Today my husband and I were looking at kettles on Amazon. I liked the aesthetically pleasing ones and he liked the practical ones. He pointed out the downsides of the ones I liked. Normally, I would have given in and gone with his ‘better judgment’, and then regretted it later. Today I just said that that was the type of kettle I’d always wanted, and I asked him to look into the different models with similar features, and order one that he thought had the best reviews and was not too expensive. So the pretty but impractical kettle will be arriving tomorrow.

This small thing is a big deal. I’m the person who, in the canteen at work in my early twenties, paid for a chocolate bar that I’d brought from home, because I was so conflict-averse I couldn’t bring myself to challenge the person who was charging me. I’m the person who gave in to having a more ‘practical’ engagement ring than the one I’d dreamed of all my life (there was little difference in cost, but my husband thought that the one I wanted would damage more easily). I agreed to a fruit cake at my wedding because it was ‘traditional’ even though I hate fruit cake and I didn’t eat any of it. Two years running I’ve got an air brush tattoo on holiday and both times I came away with a different colour to the one I wanted, just because the tattoo artist kindly made some suggestions about what might look good, and I went with her judgment over my instinct.

I know what I want – but all my life I’ve been used to being told that what I want is not right, or not sensible, or immature, or silly, or fanciful, or unwise, or impractical, or not traditional, or not well regarded. I’m so used to being told that I am easily led and follow others, by people who don’t see the contradiction in the fact that they just want me to follow what they want. And so I side-line what I want – I doubt it. Is it really what I want? Should it be what I want? Is it the right thing, the best thing, does it make sense? How do I really know what I want, anyway? Perhaps they are right, and I am wrong. In any case, I don’t feel strong enough, or self-assured enough, to stand up for my point of view. That is the route to conflict and invalidation, or at best to a lengthy debate in which I feel I have to justify everything I say, and to ‘make the case’ for my opinion. That’s how it’s always been – until very recently.

But I’m starting to see that there is a third option between ignoring my viewpoint, and getting involved in a lengthy argument. There is the option to not buy into a worldview which requires this kind of justification in the first place. A couple of weeks ago my husband and I were having a different debate, in which he wanted me to state which I though was more important, the intention behind a statement, or how it was interpreted. He couldn’t understand why I wouldn’t make a choice and he didn’t want to settle for my answer that I thought both were important. So in the end I simply told him that I refused to buy into his way of thinking that required categorising things in that way; that is not my way of thinking, and that’s okay.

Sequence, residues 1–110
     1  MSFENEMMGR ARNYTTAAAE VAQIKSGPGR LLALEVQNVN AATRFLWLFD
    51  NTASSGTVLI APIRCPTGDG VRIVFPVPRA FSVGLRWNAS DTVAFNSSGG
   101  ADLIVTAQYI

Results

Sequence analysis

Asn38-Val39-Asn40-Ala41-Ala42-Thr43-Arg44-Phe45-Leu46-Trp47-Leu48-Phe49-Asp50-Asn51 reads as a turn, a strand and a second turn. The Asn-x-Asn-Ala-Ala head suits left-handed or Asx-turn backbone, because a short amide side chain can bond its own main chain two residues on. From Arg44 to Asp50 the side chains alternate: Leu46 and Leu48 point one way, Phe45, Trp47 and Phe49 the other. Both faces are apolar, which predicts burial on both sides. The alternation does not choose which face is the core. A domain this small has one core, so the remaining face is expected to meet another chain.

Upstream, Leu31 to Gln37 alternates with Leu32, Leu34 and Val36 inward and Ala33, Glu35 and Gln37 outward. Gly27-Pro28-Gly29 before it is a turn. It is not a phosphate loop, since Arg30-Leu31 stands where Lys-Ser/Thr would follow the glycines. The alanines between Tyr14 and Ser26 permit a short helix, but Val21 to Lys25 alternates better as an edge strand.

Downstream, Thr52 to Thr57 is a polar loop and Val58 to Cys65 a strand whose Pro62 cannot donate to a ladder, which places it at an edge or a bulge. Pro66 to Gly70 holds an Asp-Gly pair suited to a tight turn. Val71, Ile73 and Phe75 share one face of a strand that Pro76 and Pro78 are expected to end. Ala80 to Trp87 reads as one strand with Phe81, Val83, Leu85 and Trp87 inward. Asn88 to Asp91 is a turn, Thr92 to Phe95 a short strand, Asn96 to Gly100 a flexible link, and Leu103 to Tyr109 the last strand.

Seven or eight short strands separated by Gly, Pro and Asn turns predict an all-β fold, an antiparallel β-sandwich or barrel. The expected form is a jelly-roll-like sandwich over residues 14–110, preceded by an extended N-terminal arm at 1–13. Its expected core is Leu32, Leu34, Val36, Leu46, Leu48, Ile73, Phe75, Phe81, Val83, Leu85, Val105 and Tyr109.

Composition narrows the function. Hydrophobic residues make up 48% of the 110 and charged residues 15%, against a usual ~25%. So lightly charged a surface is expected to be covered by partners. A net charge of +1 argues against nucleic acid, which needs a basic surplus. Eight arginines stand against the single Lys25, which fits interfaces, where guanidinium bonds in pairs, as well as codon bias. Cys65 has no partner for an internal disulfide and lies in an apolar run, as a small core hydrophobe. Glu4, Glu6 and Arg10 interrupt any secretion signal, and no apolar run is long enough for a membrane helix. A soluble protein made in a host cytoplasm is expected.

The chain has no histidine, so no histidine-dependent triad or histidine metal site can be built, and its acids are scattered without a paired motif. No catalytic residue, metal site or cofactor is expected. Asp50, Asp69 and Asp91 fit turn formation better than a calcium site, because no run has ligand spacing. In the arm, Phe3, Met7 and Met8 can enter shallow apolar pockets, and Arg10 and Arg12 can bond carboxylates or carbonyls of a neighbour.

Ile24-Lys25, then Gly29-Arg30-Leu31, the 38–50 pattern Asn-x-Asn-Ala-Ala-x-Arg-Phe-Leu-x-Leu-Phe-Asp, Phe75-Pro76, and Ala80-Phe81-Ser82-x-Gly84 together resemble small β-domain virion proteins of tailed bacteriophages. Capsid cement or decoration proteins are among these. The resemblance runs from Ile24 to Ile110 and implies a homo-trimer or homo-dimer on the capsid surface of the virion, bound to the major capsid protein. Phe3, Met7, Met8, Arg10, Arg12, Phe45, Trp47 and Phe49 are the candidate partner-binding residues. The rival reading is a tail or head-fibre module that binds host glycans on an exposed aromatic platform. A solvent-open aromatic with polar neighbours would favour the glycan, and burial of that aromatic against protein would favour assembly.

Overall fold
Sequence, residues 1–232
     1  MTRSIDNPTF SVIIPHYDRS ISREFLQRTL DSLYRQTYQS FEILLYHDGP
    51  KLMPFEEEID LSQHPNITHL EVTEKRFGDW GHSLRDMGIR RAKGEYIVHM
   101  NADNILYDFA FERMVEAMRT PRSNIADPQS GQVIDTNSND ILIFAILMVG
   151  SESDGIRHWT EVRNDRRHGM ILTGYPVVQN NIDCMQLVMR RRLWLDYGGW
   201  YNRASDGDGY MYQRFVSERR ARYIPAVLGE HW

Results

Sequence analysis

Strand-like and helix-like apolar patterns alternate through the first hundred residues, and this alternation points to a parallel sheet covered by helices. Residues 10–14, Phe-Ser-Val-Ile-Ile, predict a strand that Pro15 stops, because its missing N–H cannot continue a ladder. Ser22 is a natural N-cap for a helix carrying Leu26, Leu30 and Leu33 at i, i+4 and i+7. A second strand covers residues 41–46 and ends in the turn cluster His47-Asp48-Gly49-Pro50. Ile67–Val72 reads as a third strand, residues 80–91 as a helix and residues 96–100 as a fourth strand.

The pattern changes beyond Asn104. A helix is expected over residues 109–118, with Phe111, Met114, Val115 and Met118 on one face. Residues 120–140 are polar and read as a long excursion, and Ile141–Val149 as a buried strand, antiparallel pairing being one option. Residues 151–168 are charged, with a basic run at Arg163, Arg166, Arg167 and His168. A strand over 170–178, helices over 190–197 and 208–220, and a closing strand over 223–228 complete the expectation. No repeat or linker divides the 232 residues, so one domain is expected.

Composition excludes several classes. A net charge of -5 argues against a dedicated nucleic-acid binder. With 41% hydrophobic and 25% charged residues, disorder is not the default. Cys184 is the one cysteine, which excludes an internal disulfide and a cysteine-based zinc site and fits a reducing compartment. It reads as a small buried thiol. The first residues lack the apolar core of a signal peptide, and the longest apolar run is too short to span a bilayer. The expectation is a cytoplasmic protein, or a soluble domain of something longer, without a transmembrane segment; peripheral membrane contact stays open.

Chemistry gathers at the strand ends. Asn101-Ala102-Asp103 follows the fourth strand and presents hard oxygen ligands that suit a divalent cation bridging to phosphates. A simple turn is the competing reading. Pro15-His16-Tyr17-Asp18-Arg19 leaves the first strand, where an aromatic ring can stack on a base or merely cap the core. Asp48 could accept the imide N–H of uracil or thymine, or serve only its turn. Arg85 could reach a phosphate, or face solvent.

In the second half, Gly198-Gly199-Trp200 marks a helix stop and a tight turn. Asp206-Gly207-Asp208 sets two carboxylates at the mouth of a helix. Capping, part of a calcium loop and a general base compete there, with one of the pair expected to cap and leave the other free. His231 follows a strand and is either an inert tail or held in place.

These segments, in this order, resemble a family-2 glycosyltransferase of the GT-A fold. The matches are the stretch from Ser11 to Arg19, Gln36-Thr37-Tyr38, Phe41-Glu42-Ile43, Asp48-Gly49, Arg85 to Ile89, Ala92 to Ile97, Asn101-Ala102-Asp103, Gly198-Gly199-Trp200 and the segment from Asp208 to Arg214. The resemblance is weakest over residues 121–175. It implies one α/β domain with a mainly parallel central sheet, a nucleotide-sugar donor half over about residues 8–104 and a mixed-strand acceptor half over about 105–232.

So today I stood up for myself without engaging in debate. I refused to buy into the worldview that everything must be justified and that efficiency and practicality are more important than how the look of something makes me feel. I refused to buy into that worldview, and so I bought a kettle. And by God I’m going to enjoy watching it boil, and knowing that it’s a symbol of progress, and of valuing myself enough to live according to my values.

Simple pleasures; small step; big deal.

[I should add that none of this is about refusing to compromise, or wanting to ‘get my own way’ without any consideration of what someone else wants. In this particular instance, other than generally always favouring practicality, my husband had no strong feelings about, or interest in, the type of kettle we have. If this had been a matter about which he felt strongly, we would, I hope, have had a different sort of conversation about it. This is about acknowledging and valuing difference, and valuing ourselves enough to think our opinions can have validity, even in the face of disagreement. It is about not getting drawn into a debate carried out entirely on someone else’s terms and according to their own rules of engagement – if you disagree with those terms and those rules. It is about speaking up if there is something that is important to you – even if you are afraid of how it will be received, or whether it will be thought worthwhile; and even if you can’t exactly explain why it is important, but you just know that it is. ]